13. 13.
    Hossman KA, Paschen W, Csiba L (1983) Relationship between calcium accumulation and recovery of cat brain after prolonged ischemia. J Cereb Blood Flow Metab 3:346–353CrossRefGoogle Scholar
  14. 14.
    Ito U, Spatz JT, Walker Jr, Klatzo I (1975) Experimental cerebral ischemia in mongolian gerbils. I. Light microscopic observations. Acta Neuropathol 68:230–238Google Scholar
  15. 15.
    Johansen FF, Zimmer J, Diemer NH (1987) Early loss of somatostatin neurons in dentate hilus after cerebral ischemia in the rat precedes CA-1 pyramidal loss. Acta Neuropathol (Berl) 73:110–114CrossRefGoogle Scholar
  16. 16.
    Kirino T (1982) Delayed neuronal death in the gerbil hippocampus following ischemia. Brain Res 239:57–69PubMedCrossRefGoogle Scholar
  17. 17.
    MacDermott AB, Mayer ML, Westbrook GL, Smith SJ, Barker LJ (1986) NMDA-receptor activation increases cytoplasmic calcium concentration in cultured spinal cord neurones. Nature 321:519–522PubMedCrossRefGoogle Scholar
  18. 18.
    Mayer ML, Gary L, Westbrook GL, Guthrie PG (1984) Voltage-dependent block by Mg++ of NMDA responses in spinal cord neurones. Nature 309:261–263PubMedCrossRefGoogle Scholar
  19. 19.
    Meldrum BS (1983) Metabolic factors during prolonged seizures and their relation to nerve cell death. Adv Neurol 34:261–275PubMedGoogle Scholar
  20. 20.
    Nowak L, Bregestovski P, Ascher P, Herbert A, Prochiantz A (1984) Magnesium gates glutamate-activated channels in mouse central neurones. Nature 307:462–465PubMedCrossRefGoogle Scholar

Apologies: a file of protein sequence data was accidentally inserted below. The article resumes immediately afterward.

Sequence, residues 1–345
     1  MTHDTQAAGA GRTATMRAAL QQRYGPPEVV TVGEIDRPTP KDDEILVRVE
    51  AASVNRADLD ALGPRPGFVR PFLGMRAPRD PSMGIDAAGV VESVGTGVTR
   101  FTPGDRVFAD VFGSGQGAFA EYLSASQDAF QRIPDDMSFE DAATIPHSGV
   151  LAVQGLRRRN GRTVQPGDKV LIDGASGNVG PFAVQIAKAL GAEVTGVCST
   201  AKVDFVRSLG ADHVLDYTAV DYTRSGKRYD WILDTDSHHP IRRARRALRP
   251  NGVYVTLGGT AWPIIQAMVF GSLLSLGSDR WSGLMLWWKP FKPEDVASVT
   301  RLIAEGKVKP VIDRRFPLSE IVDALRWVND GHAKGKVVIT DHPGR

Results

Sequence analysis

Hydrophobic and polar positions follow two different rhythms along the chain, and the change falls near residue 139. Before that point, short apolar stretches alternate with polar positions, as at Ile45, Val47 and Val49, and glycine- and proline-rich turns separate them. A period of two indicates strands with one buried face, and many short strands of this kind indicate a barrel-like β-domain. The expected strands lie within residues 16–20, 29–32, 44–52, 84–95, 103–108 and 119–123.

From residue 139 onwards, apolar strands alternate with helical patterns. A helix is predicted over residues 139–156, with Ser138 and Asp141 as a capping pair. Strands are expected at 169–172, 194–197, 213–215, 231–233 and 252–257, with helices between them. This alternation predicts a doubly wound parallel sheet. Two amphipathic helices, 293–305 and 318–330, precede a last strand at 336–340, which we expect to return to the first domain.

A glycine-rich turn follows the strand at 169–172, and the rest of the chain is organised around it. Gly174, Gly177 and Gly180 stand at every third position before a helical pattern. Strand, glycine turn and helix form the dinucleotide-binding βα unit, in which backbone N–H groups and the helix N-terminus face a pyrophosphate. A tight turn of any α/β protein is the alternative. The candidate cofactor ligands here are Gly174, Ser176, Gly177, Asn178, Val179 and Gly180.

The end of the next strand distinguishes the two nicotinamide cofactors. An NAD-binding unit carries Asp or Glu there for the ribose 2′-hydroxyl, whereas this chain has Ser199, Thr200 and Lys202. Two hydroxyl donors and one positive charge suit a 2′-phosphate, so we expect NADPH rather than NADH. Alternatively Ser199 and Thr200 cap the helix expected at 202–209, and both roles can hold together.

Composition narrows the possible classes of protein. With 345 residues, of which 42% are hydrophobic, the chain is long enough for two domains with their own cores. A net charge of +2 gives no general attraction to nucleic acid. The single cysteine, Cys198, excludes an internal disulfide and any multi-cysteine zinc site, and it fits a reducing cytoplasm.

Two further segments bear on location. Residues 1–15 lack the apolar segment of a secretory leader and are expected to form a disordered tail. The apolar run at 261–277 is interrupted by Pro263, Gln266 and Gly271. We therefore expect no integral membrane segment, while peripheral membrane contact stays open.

21. 21.
    Pulsinelli WA, Brierley JB, Plum F (1982) Temporal profile of neuronal damage in a model of transient forebrain ischemia. Ann Neurol 11:491–498PubMedCrossRefGoogle Scholar
  22. 22.
    Schwartzkroin PA, Wyler AR (1980) Mechanisms underlying epileptiform burst discharge. Ann Neurol 7:95–107PubMedCrossRefGoogle Scholar
  23. 23.
    Shanne FAX, Kane AB, Young EE, Farber JL (1979) Calcium dependence of toxic cell death: a final common pathway. Science 206:700–702CrossRefGoogle Scholar
  24. 24.
    Siesjö BK (1981) Cell damage in the brain: a speculative synthesis. J Cereb Blood Flow Metabol 1:155–185CrossRefGoogle Scholar
  25. 25.
    Suzuki R, Yamaguchi T, Li CL, Klatzo I (1983) The effects of 5-min ischemia in mongolian gerbils. II. Changes of spontaneous neuronal activity in cerebral cortex and CA-1 sector of hippocampus. Acta Neuropathol 60:217–222PubMedCrossRefGoogle Scholar
  26. 26.
    Wrong RKS, Prince DA (1978) Participation of calcium spikes during intrinsic burst firing in hippocampal neurons. Brain Res 159:385–390CrossRefGoogle Scholar
  27. 27.
    Wrong RKS, Prince DA, Basbaum AI (1979) Intradendritic recordings from hippocampal neurons. Proc Natl Acad Sci USA 76:986–990CrossRefGoogle Scholar
  28. 28.
    Zimmer J, Sunde N (1984) Neuropeptides and astroglia in intracerebral hippocampal transplants: an immunohistochemical study in the rat. J Comp Neurol 227:331–347PubMedCrossRefGoogle Scholar

Copyright information

© Springer-Verlag Berlin Heidelberg 1989

Authors and Affiliations

  • H. Benveniste
    • 1
  • P. C. Hüttemeier
    • 2
  • F. F. Johansen
    • 1
  • N. H. Diemer
    • 1
  1. 1.PharmaBioTec Research Center, Institute of NeuropathologyUniversity of CopenhagenCopenhagenDenmark
  2. 2.Department of Anesthesiology, Glostrup HospitalUniversity of CopenhagenCopenhagenDenmark

Personalised recommendations